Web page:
Native to (or naturalized in) Oregon:
- Broadleaf evergreen rosette-forming succulent, it grows to 2.5 ft tall and 3.5 wide (0.8 x 1 m). Leaves are grayish-green to blue-sliver, 40 x 12 cm, overlapping, broadly oblong to ovate-linear, with marginal reddish-brown teeth and terminal spines. The flower spike reaches to 3-6 m (10-20 ft) with orange flower buds that open to yellow flowers; blooms in summer. Fruit (capsule) ovoid or oblong to obovoid, 2.5–5 cm, apex beaked. May take over 10 years before it flowers, and it dies thereafter.
- The stubby, almost flat-topped rosette is somewhat reminiscent of an artichoke and sometimes referred to as the Artichoke Agave.
Full sun to light shade, well-drained (essential), sandy/gritty soil, tolerates dry soils and drought
- Hardy to USDA Zone (7)8 Note the following from the Missouri Botanical Garden (MBG). "Surprisingly good winter hardiness for this succulent. Plants have reportedly survived winters with temperatures as low as -20F (USDA Zone 5), but cold temperatures should be "dry cold" as opposed to "wet cold". MBG lists it as hardy to USDA Zone 7.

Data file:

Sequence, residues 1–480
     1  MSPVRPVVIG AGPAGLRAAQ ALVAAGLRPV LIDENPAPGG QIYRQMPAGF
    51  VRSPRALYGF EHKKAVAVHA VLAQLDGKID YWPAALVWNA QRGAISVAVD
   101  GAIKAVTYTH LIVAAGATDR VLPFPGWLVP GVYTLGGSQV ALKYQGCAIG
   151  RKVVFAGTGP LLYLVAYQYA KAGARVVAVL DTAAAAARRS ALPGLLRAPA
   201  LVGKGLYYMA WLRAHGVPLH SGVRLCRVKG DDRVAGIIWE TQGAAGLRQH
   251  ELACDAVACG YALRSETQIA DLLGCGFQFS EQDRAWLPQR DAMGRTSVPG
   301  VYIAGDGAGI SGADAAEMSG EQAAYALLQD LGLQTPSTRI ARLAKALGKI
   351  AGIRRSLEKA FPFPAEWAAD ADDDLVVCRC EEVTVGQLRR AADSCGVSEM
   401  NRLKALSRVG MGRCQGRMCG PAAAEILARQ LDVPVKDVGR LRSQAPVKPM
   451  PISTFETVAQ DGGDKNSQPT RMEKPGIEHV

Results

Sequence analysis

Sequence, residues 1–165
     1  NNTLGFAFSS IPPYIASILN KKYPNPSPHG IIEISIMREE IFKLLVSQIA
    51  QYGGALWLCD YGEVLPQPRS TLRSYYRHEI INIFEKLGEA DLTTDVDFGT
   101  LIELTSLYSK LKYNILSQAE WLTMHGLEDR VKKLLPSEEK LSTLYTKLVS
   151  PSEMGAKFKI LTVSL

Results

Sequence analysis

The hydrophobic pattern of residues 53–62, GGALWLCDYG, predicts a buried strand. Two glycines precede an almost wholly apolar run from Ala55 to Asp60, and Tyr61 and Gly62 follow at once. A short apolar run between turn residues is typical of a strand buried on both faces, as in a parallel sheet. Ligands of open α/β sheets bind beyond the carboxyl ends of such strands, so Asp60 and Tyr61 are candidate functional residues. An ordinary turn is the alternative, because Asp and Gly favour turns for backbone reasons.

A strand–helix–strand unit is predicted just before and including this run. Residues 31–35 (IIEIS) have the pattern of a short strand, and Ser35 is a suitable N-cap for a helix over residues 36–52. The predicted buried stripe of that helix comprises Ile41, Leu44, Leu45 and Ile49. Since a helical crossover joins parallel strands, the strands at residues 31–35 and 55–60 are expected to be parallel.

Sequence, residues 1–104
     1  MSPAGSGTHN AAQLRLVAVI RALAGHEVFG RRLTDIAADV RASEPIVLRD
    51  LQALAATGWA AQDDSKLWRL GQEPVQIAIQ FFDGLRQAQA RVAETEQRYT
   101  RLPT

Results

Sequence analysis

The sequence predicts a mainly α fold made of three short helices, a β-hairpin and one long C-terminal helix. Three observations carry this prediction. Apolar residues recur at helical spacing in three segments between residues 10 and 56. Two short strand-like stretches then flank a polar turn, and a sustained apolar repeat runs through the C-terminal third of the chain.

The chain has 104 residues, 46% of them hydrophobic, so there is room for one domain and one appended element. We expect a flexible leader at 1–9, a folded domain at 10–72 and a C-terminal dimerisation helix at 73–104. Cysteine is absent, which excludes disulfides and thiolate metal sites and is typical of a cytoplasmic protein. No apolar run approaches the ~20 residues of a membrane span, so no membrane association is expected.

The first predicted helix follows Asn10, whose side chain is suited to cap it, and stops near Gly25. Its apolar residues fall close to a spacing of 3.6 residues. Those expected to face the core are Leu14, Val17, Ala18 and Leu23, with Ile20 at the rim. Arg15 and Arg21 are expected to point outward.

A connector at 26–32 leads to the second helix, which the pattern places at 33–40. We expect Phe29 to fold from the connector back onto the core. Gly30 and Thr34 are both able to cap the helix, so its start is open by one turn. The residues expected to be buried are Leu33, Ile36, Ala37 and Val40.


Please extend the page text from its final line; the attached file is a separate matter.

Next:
Agave parryi is found in western Texas, Arizona, New Mexico and northern Mexico typically at elevations from 4,000 to 8,000 feet.
- parryi: after C.C. Parry (1823-1890) a notable botanist and plant hunter who found and collected new species in the Midwest, the western mountains, the southwest and Mexico. He collected Agave parryi and found the iconic Colorado spruce, Picea pungens. Parry’s Peak in Colorado on the Continental Divide is named after him.